Northeast Ship Repair, the Boston-based firm that's been stripping old U.S. Navy ships at the old Philadelphia Navy Yard, has been sold for around $18.5 million to a Radnor investment firm and its partners.
"It's a good investment: there are maybe five dry docks on the East Coast that can handle ships 750 feet or bigger, and they're not building any new ones," Andrew Panzo, general partner at NewSpring Capital in Radnor, told me. NewSpring bought 42% of Northeast Ship Repair, which has leased Dry Dock No. 2 at the Philadelphia yard, and a second dock in Boston, from J.H. Lehman Co., the New York investment firm headed by Reagan-era U.S. Secretary of the Navy John Lehman, a Philadelphia native. Plexus Capital, Raleigh, N.C., bought another 42 percent. Northeast President Ed Snyder and other managers and private investors bought the rest.
Under the federal Jones Act, Navy vessels have to be repaired and repainted regularly at U.S. facilities, Ponzo told me. Northeast's Philadelphia Ship Repair unit is removing engines, propellers and other key equipment from aging guided-missile frigates and other decommissioned ships, after which they will be scrapped.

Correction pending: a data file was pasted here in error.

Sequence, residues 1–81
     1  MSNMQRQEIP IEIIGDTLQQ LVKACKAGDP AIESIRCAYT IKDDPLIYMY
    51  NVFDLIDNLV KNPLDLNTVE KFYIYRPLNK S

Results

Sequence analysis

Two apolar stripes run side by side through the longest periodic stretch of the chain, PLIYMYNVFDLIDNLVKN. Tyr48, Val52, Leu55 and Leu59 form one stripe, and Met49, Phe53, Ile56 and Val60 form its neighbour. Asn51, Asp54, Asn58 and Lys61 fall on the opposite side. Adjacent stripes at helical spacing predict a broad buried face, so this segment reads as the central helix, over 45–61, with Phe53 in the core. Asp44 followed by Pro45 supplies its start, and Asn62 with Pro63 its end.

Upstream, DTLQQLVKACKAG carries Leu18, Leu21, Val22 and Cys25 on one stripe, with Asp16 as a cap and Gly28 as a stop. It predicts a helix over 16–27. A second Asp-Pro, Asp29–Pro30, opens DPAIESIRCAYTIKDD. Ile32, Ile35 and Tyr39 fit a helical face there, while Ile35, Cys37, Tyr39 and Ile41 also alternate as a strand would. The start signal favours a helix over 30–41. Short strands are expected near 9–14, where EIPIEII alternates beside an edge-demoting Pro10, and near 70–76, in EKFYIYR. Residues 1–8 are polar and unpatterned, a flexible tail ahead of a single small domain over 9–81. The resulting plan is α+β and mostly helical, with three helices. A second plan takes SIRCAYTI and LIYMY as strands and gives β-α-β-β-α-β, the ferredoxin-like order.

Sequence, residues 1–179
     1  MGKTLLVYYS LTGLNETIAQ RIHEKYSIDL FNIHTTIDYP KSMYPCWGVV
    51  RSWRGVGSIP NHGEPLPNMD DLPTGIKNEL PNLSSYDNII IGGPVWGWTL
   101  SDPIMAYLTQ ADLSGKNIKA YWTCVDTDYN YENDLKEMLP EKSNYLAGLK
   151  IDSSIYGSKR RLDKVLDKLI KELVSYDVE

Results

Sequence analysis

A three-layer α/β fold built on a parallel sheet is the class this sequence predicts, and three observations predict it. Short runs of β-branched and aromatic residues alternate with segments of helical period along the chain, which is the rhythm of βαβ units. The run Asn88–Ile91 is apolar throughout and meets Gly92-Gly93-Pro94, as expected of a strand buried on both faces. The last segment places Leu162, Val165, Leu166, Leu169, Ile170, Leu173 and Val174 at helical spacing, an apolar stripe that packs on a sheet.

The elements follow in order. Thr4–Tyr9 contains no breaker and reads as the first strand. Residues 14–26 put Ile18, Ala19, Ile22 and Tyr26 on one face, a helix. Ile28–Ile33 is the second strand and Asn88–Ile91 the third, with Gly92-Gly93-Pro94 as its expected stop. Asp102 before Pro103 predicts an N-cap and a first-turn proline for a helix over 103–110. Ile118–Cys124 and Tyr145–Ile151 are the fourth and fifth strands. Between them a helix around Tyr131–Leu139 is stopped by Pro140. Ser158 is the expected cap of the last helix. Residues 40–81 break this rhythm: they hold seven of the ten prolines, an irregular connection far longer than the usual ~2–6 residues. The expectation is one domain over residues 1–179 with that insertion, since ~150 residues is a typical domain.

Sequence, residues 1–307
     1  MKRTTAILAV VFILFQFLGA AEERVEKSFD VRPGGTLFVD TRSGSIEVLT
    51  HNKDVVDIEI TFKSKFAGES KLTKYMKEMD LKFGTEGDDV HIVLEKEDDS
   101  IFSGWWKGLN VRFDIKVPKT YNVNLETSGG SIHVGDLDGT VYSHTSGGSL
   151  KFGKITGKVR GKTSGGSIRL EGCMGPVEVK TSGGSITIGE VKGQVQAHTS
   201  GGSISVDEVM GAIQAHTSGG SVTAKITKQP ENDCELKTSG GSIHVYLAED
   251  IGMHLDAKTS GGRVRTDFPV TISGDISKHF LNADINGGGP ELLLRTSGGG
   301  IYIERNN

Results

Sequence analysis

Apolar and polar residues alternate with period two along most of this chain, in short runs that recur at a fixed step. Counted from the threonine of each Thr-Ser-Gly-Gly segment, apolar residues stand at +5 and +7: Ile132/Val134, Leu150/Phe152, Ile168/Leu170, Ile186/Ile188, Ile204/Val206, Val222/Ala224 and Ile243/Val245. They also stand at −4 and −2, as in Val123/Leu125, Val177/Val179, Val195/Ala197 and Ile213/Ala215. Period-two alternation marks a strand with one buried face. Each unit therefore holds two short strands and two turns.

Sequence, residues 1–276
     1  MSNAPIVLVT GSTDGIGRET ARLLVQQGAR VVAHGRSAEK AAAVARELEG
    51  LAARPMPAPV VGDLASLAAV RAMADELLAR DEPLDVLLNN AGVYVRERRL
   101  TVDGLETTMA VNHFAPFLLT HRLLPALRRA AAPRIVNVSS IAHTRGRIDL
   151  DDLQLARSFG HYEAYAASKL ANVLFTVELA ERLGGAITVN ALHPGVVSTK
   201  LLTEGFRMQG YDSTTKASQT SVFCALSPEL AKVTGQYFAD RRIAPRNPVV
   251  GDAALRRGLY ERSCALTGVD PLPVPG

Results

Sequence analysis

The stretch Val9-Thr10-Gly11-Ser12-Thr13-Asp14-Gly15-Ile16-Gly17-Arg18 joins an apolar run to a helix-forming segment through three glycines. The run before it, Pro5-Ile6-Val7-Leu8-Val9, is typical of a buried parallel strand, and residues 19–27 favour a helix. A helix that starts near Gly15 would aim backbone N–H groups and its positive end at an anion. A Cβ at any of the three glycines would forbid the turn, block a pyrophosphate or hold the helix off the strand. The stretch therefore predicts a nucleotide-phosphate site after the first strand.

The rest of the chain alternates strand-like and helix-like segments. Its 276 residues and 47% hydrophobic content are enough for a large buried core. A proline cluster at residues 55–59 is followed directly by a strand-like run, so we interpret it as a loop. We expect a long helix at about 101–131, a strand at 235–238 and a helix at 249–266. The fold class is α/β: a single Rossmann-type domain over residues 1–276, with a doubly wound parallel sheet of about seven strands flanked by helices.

The firm employs about 100 union tradesmen at its Philadelphia dock. NewSpring backs a mix of software, business services and manufacturing firms. "We believe this is a very good investment for our mezzanine (mid-level) fund," Panzo added. "We have a captive audience in the U.S. Government. We plan on working with management to build out the commercial side further. This is not a business where there will be a ton of growth. You can only bring one ship into a drydock at a time."